And so, Quora provides one such opportunity to sign up, answer questions, and ask others, thereby building an official and high-quality external record of information about retrotech. I think it’s worth considering as an act of “typostolate,” a term coined by Speculator to describe the act of evangelizing retrotech.

New typecasting blog: Analog Dog

Over the last year I have been in and out of the typosphere, and whenever I wasn’t looking, great new typecasters seemed to pop up. I try to pride myself on having a comprehensive typosphere blogroll in “The Typosphere” section to the left of this blog, but sometimes blogs get missed. Today I just stumbled across Analog Dog in the blogroll of Magic Margin. Analog Dog has it all — typecasts, gorgeous photographs, typewriter ponderings, even videos! (Been meaning to post about the general lack of videos in the ‘sphere – I even bought a flip camera intending to do them myself and still haven’t managed it).

I wonder which other typecast blogs I haven’t found yet? Are there any I’m missing?

You are not a Gadget

A BAROP if you have not met one is a Big-Ass Roll of Paper which allows for endless typewriter rambling without page breaks. I recommend procuring one post-haste. They tend to be found rolling around eBay at reasonable prices.

Since it is Silent Type season, I would be remiss if I did not mention that I gathered up a large parcel of submissions from the PO box today (well, the husband picked them up actually, credit where credit is due) and the spreadsheet should be more or less up to date.

Do you still intend to contribute, but are worried you can’t make the April 1st date? Please let me know. I’ll see what I can work out. I am impressed though that, unlike with issue 1, I have critical mass before the deadline. Nice work, everyone.

PS: This post written with a Lettera 22.

It’s getting better all the time

Although unfortunately not true, I thought perhaps that title would serve the dual purpose of getting a Beatles song stuck in my head, and permitting me to mention that I have been (and continue to be) unwell of late, which is why there have been few to no posts. Hoping for a return to healthier days (and more frequent posts) soon. Incidentally, how is your submission for Silent Type II coming along? See the link at left if you have no idea what I’m talking about.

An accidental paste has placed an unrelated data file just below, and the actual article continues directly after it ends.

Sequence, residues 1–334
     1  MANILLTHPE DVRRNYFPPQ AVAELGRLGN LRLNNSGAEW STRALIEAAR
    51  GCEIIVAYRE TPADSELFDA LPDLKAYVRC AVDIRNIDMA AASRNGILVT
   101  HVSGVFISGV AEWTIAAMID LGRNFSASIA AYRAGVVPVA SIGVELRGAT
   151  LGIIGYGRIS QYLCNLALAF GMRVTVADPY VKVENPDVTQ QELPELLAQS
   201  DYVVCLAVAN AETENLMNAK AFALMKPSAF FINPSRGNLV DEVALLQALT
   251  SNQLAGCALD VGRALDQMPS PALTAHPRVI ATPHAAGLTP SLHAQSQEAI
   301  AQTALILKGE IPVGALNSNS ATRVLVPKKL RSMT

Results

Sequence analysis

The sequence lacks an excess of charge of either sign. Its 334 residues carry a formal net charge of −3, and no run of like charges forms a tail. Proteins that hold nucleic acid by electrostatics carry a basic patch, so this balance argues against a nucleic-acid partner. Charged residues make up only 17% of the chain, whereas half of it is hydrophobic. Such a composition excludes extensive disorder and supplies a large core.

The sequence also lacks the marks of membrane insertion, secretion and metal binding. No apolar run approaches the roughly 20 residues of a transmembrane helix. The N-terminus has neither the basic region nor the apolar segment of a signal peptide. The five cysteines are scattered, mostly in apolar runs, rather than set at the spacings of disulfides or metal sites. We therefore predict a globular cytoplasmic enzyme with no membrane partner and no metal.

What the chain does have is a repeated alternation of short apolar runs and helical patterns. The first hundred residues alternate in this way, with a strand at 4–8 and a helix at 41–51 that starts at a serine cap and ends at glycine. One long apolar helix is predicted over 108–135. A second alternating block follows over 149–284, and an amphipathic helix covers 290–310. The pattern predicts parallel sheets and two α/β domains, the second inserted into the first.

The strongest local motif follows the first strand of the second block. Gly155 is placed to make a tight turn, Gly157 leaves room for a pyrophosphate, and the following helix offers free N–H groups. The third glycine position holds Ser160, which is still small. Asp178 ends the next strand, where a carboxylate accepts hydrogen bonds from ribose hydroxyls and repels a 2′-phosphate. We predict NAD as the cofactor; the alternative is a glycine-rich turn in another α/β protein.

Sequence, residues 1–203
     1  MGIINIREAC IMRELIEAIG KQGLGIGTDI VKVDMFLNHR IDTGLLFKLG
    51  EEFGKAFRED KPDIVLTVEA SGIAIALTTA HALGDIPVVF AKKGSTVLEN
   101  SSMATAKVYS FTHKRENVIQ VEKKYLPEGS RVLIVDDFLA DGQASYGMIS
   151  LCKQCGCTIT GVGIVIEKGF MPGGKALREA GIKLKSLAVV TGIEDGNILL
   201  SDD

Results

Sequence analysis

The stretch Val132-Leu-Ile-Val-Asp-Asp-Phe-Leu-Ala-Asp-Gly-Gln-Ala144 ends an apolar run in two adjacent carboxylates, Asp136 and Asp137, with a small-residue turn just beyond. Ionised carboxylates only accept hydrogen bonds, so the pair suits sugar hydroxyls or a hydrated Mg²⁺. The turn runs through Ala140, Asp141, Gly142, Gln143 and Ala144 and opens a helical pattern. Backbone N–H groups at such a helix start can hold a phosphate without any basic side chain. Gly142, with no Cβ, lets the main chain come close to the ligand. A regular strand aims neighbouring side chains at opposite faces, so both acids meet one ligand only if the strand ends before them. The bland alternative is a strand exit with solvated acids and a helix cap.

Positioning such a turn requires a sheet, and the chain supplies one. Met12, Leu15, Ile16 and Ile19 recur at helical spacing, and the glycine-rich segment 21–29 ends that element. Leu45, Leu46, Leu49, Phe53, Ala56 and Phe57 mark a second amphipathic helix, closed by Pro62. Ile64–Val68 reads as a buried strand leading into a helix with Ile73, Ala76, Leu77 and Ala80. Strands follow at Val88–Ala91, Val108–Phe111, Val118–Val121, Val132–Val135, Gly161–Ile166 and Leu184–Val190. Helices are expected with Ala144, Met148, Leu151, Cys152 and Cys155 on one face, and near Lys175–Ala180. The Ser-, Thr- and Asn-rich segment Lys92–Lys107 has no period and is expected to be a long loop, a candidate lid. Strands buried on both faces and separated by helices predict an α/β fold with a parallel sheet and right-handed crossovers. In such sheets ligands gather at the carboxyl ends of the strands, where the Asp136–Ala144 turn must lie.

‘The Manual Typewriter ideal,’ or why Linda Holmes thinks you are a moron

Just read an interesting article in The UK Guardian Observer by Tim Adams about the pitfalls of our general cultural movement toward the “always on” model of personal digital engagement. Some interesting quotes:

Slowly all the aspects of the world that were formerly external to us, out there – friends, shops, newspapers and now books – are being accommodated into this space, so that they can be contained almost entirely on our personalised screens.

We are quickly moving toward an era that will allow each of us to become the editor of our own newspaper and director of our own television schedule; our computers will help us in this process, listen to our histories, define our likes and dislikes and recommend accordingly; they will be our personal shoppers and cultural critics, reinforcing our tastes…This new solipsistic power, however, is unlikely to be without consequences.

Will anyone who is “always on” have the concentration to read the great social novels – those ultimate “interactions” with the world – on a screen? Will anyone be able to see far enough beyond themselves to write one?

If those seem like reasonable points, The Manual Typewriter Ideal, a rebuttal of sorts by Linda Holmes at, is likely to annoy (if not solely because of the title, which implies that people who value traditional methods of reading and writing are, well, morons).

Linda Holmes fancifully calls the Guardian article “a distilled version of what people who hate the Internet believe about it,” and goes on distort most of the original’s points to support her curiously strident thesis. When I finished her piece, I remain unconvinced that we read the same article, but then again, I value traditional methods of writing and reading, and therefore, am likely a moron.

What is ‘literary’ in the post-typewriter age?